For example, I’m not an office worker. I have an incredibly hard time working in a confined timeline (ie. 9-5). That’s why I write. I can do it whenever the mood strikes, I don’t have somebody breathing down my neck, telling me that I’m five minutes late, or missed a comma somewhere. I don’t have to walk on eggshells wondering if what I’m writing will get me fired or make me lose a promotion. I can just be myself, period.

One girlfriend didn’t understand that. She believed solely in the 9-5 motto, specifically something in human resources because that was a very stable job. I was scared for my future, but I stuck with the relationship because of my own insecurities and acted like I would do it to make her happy.

Here’s a tip: NEVER take away from your happiness to make somebody else satisfied (note I didn’t say happy).

Making somebody else happy will make you happy. Doing something to satisfy somebody is murder on your soul.

4. Don’t Take Any Risks While You’re Not Clearheaded

I’d been considering the risk for a couple weeks. It all sounded good. I was 22 and I could be rich in a couple of years. That’s what they were selling me, anyways.

One night, while at a house party with some friends, I found myself at a computer. A couple of my friends were standing nearby and asked me what I was doing. I told them I was considering starting my own business and it was only going to cost me $1,500.

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Of course, when a bunch of drunk people are surrounded by more drunk people, things get enthusiastic. It sounded like the best business venture in the world to everybody, including me. So I signed up and gave them my credit card number.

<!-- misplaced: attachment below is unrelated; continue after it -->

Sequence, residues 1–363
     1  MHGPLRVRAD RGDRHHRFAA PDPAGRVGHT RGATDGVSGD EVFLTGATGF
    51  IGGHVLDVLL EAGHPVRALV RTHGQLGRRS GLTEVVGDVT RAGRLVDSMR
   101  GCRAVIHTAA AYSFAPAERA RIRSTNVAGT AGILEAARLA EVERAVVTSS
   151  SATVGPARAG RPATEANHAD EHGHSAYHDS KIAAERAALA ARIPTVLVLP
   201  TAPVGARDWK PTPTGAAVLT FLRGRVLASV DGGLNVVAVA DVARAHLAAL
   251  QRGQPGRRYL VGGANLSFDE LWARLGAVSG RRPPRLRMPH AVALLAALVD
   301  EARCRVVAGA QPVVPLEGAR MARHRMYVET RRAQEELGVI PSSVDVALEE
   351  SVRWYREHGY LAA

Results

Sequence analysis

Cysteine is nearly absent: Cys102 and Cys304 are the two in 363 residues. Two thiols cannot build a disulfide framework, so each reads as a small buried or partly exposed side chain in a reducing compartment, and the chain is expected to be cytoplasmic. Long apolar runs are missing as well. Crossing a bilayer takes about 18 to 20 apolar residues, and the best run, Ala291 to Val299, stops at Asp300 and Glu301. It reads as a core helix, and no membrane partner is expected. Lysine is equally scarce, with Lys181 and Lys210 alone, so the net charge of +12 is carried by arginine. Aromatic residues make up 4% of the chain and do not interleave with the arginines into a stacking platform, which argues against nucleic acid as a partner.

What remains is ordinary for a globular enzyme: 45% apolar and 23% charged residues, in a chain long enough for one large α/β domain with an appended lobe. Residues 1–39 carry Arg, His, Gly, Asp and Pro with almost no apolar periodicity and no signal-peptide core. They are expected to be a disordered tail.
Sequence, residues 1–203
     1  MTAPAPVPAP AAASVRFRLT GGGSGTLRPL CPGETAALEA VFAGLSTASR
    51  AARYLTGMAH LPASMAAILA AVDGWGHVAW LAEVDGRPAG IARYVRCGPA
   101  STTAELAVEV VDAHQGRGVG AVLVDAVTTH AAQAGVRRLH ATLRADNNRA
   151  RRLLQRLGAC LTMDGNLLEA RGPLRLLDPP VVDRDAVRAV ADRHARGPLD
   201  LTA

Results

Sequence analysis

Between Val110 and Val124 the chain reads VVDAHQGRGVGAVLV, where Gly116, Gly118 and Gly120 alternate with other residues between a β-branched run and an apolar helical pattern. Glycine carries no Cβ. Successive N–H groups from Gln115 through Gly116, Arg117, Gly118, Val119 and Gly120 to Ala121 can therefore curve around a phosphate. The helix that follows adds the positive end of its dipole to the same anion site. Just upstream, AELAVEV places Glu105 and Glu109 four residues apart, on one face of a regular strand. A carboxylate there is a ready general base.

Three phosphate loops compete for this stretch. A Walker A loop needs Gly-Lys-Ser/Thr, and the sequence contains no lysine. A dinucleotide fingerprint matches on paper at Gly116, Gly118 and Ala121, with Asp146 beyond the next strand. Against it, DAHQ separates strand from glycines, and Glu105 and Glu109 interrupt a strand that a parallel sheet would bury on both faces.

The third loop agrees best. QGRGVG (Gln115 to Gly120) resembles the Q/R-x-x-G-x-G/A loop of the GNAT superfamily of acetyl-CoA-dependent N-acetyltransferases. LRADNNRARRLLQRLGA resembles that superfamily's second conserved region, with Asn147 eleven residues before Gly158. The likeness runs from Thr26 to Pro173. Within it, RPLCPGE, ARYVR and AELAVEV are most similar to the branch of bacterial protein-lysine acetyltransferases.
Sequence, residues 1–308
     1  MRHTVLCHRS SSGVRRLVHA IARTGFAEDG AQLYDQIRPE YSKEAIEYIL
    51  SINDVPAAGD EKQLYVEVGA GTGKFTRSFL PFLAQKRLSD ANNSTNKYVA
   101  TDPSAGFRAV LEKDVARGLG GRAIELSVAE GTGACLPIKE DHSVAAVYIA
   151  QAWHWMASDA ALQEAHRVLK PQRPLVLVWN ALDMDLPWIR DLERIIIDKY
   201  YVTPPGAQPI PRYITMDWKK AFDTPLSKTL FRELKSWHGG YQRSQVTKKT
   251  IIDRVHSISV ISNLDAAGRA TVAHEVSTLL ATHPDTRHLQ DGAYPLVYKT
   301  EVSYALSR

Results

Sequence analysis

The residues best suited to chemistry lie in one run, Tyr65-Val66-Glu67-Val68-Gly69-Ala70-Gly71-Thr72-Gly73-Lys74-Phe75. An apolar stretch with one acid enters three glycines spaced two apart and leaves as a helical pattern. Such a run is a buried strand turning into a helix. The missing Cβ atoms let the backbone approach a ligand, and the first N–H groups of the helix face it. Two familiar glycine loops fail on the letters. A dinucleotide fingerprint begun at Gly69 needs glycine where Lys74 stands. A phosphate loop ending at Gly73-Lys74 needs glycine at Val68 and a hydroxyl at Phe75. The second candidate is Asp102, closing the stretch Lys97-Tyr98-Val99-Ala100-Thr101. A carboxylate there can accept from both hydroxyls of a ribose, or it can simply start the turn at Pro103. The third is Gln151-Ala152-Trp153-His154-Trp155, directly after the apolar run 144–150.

A few painful months and close to $4,000 dollars lost later, I quit the business. I was young and fell into the pyramid scheme trap. It was an expensive drunk decision.

Drinking heavily and making decisions has a proven track record of failure. So when you have something important to decide, don’t let your emotions take over your brain.

5. Fully Understand What You’re Risking

It was the start of my baseball comeback. I got a tryout with a professional scout and killed it. After the tryout, he talked to my girlfriend and myself, making sure we understood I would be gone for up to 6 months at a time. That strain on the relationship could be tough.

We understood. I left to play ball, chose to stay in the city I played in, and a year later we broke up. Not because of baseball, see point 3 above. Taking big risks can have massive impacts on everything in your life from relationships to money. Know what you’re risking before you take the risk.

If you believe the risk will be worth it or you have the support you need from your family, then go ahead and make the leap.

You can get more guidance on how to take calculated risks from this article: How to Take Calculated Risk to Achieve More and Become Successful

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6. Remember This Is Your One Shot Only

As far as we know officially, this is our one shot at life, so why not take some risks?

The top thing people are saddened by on their deathbeds are these regrets. They wish they did more, asked that girl in the coffee shop out, spoke out when they should have, or did what they were passionate about.

Don’t regret. Learn and experience. Live. Take the risks you believe in. Be yourself and make the world a better place.

Now go ahead, take that risk and be successful at it!

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Featured photo credit: Unsplash via unsplash.com